Day 033: Seatown to Branscombe

Distance: 18.51 miles

Ascent: 5073 feet

Weather: Rain Morning, SUnny SPells Afternoon

Accommodation: Wild camp Branscombe


So, after a slightly wet night Malcolm, Eddie and myself got up packed our stuff and were on our way before 8pm. The day started with a slight inland diversion due to a landslide which became a regular feature of the day. We began the steep climb up Golden Cap, which was a tiring start to the day and my legs were feeling it from the long day two days previously. The view from the top was lovely, but it was raining fairly hard at this point.

From Golden Cap the path followed the cliff tops to Charmouth, a town with far more static caravans than actual houses. Unfortunately we encountered the second diversion of the day from Charmouth and this one was longer and far more annoying as it went steeply uphill and followed busy roads for quite a lot of its length.

Even with the diversion we reached Lyme Regis farily quickly, which is a lovely town with lots of nice shops, cafes and a little harbour. We stopped for a hot drink and a cake and by the time we left the rain had stopped and barely returned for the rest of the day.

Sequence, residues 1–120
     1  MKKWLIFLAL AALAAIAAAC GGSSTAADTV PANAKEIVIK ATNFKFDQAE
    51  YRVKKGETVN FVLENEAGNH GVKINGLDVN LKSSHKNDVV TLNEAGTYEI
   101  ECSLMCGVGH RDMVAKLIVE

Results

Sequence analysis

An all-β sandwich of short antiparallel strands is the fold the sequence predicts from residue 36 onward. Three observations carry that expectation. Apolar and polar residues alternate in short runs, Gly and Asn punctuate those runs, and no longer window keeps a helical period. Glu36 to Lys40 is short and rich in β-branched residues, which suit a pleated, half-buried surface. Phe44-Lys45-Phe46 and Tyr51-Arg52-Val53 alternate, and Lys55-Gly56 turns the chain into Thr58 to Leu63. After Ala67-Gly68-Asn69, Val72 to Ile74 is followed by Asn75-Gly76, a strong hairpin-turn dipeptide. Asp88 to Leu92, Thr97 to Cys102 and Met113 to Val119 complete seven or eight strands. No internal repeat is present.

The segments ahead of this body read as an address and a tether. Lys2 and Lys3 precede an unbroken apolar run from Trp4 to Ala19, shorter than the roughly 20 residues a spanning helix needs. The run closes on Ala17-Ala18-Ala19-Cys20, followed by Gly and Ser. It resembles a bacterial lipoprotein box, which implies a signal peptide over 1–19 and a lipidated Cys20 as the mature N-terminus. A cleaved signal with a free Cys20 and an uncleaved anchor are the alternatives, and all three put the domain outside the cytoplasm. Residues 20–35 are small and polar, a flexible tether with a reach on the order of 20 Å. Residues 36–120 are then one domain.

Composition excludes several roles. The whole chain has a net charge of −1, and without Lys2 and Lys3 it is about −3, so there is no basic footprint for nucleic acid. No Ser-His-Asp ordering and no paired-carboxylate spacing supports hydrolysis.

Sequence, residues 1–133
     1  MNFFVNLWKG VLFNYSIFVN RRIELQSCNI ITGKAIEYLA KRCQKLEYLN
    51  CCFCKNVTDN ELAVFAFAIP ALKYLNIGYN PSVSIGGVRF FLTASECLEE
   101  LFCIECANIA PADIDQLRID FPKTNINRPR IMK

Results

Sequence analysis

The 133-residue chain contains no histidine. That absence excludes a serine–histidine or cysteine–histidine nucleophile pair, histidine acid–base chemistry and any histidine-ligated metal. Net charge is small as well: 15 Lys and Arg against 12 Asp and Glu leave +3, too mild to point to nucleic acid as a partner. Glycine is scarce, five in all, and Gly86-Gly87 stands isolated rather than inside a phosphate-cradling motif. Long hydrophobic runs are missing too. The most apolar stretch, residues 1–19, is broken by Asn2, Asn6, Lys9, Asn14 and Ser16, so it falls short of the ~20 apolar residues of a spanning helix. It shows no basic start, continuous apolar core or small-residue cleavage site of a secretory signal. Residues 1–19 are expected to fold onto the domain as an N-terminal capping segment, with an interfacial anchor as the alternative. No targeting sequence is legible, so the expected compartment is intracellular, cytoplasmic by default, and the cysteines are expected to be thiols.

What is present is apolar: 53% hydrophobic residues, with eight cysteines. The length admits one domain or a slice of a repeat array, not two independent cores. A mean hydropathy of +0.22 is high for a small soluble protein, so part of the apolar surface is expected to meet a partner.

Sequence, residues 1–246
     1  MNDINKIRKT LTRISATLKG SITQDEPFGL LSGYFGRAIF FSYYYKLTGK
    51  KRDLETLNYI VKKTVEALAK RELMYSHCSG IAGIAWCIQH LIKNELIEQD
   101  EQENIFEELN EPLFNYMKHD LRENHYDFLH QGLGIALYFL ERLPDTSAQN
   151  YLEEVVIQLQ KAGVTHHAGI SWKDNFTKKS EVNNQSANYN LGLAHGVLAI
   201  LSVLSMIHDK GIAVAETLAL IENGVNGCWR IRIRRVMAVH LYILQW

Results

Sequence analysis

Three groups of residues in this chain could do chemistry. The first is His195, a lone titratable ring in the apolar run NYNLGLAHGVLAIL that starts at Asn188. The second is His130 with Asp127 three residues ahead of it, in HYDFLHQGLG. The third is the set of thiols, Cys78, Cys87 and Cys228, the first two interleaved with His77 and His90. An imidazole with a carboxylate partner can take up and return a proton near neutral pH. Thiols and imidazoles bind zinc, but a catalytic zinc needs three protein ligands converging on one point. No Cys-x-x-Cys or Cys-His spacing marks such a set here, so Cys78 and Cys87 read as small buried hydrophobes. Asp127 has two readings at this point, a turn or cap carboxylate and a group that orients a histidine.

The next 7.5 mile stage from Lyme Regis to Seaton, we had been warned was extremely difficult by a local and also a sign saying this part would take 4 hours. We set of and this stretch turned out to be stunning with a narrow path winding through the almost Jurassic Parkesque woodland, half expecting a velociraptor to jump out at any moment, following the gently sloping cliffs. This stretch was incredibly tough though, with almost constant ascent, descent and steps. One particular set of steps that was incredibly steep almost broke all three of us with a noticeably wobbly walk once we had reached the top. 3 hours after leaving Lyme Regis we finally reached Seaton.

In Seaton we had lunch in a pub, where Malcolm and Eddie kindly treated me to lunch and we settled in for almost an hour completely exhausted from the previous stretch. Unfortunately with Scotland losing the rugby we left with one walker slightly down.

A quick climb up over the cliff took us to Beer which appeared a lovely little village with a sizeable small boat fishing fleet, before we again headed up the cliffs and rounded Beer Head finally reaching Branscombe. This stretch in the evening light was really atmospheric, and the path took a lovely interesting route.

We finally reached Branscombe just as it was getting dark, and after a tip off/permission at the pub we pitched up behind the village hall, before heading down to The Mason’s Arms for the evening.

Today the weather was forecast to be wet all day, but in fact turned out to be dry for most of it. This on top of the beautiful scenery, and having Malcolm and Eddie around made this a great day. 

Fall tally for the day:

Malcolm - 2, Eddie - 1, Me - 0. None of the falls were serious and though close a couple of times I have maintained my  100% record of not falling over.

charles compton